From April 2015 through February 2016, YouTube site visitors have spent 485% more time watching candidate- and issue-related videos, with nearly 50% of that time occurring on mobile -- up 548% since YouTube began tracking the trend data released Thursday.
Key political moments determine the amount of time people spend on YouTube searching and watching policy-related videos. Controversial and provocative debates during this year's U.S. presidential campaign appear to have led voters to seek out more information about candidates on YouTube.
Issues-related YouTube searches have grown since the presidential candidates began announcing their runs for office, according to YouTube.
Refugees, immigration, gun control, economy and health care are some of the searched-for topics. Among these, the topic of refugees has seen the largest growth since April 2015 -- three times more than the next-highest.
A variety of age groups have turned more toward video for information. While 59% of people who turn to online video on YouTube to learn more about the candidates are under the age of 35, data also suggests that an older audience uses online video as a resource. More than one in four are over the age of 45, while some 15% are between the ages of 34 and 44, 13% are between 45 and 54, and 13% are at least 55 years of age.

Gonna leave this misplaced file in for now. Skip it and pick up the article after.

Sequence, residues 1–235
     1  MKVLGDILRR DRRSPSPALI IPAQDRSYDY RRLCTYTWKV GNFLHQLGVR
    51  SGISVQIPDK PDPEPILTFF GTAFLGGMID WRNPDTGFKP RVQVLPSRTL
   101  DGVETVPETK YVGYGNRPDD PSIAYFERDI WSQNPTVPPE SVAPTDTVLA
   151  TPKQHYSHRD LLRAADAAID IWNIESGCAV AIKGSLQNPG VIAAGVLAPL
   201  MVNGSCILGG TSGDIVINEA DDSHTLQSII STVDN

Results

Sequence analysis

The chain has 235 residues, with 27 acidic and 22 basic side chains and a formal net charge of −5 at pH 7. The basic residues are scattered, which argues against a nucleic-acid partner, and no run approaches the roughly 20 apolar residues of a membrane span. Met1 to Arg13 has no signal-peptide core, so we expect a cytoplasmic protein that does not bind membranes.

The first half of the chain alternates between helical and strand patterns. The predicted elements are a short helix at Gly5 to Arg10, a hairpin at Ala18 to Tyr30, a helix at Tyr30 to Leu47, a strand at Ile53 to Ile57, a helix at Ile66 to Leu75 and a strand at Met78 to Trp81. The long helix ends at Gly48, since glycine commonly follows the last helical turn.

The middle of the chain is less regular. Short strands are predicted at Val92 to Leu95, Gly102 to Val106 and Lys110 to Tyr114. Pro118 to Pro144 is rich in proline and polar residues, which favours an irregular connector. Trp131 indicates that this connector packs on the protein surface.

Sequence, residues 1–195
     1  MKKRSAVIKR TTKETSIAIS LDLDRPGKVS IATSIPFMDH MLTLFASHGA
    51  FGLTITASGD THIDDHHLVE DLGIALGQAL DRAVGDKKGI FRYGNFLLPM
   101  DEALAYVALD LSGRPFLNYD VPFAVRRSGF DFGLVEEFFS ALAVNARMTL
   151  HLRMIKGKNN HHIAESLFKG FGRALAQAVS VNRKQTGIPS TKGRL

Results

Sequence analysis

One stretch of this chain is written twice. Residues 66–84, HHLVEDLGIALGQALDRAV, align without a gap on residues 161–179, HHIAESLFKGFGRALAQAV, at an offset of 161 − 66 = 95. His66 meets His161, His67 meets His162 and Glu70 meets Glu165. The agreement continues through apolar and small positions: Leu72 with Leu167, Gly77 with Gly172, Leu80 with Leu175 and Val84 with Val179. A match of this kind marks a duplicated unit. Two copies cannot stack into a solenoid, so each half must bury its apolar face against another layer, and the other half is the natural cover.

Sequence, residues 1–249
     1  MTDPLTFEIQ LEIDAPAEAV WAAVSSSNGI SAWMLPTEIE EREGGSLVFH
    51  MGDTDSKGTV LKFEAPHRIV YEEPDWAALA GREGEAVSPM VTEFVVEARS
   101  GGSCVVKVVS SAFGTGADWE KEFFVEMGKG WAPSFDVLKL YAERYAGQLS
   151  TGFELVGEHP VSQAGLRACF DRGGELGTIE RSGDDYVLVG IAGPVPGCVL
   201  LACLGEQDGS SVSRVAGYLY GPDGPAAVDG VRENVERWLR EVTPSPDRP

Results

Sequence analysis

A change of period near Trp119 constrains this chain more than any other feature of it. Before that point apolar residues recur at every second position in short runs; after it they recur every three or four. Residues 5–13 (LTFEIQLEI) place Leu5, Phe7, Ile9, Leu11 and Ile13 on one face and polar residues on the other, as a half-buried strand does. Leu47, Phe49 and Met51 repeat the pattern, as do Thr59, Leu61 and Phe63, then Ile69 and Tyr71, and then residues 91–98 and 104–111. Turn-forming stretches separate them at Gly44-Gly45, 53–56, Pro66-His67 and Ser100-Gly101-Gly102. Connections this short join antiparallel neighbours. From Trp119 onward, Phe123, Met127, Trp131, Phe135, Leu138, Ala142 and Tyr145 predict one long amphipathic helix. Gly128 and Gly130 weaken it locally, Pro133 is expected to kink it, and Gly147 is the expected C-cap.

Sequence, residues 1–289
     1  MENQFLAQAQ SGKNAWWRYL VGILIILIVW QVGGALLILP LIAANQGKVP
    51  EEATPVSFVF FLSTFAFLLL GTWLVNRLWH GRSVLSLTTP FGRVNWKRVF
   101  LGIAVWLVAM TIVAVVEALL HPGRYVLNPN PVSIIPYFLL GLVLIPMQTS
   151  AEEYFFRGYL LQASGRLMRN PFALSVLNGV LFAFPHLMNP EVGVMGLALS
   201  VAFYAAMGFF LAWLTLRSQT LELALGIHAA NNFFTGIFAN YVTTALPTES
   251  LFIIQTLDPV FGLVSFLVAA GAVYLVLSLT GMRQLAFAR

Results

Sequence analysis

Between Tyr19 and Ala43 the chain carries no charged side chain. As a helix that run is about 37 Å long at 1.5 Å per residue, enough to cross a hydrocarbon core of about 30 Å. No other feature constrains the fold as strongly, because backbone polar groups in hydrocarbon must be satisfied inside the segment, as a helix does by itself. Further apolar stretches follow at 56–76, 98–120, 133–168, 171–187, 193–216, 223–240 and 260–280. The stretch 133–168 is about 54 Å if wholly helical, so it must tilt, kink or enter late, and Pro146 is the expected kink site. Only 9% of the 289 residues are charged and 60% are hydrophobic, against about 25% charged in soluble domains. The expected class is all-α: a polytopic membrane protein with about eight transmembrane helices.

Key political and cultural moments often shape the amount of time that voters will spend on YouTube watching candidate- and issue-related videos. Looking at key moments like the legalization of marriage, the Iowa Caucus and recent GOP and Democratic debates, there were significant increases in the amount of time around each moment.
For example, the week after same-sex marriage was legalized, the amount of time people spent on YouTube watching related videos rose 24 times the average of the three weeks prior. The first spike was driven mainly by videos discussing the ruling and the second by reaction videos, such as Fine Brothers’ “Kids React to Gay Marriage Ruling, according to the YouTube data.
Candidates took advantage of the increase in the time that YouTube visitors spent viewing videos. Advertising on YouTube from candidates rose heading into the caucuses and primaries. Since October, paid views rose 294%, accounting for 77% of total paid views to date, according to the data.
The touchy race and tight competition in early caucus and primary states led the candidates to buy more advertising inventory on YouTube. YouTube essentially sold out of reserve ad inventory ahead of Iowa, New Hampshire, South Carolina and Nevada caucuses and primaries. This was a first for the early causes and primary states of Iowa and New Hampshire.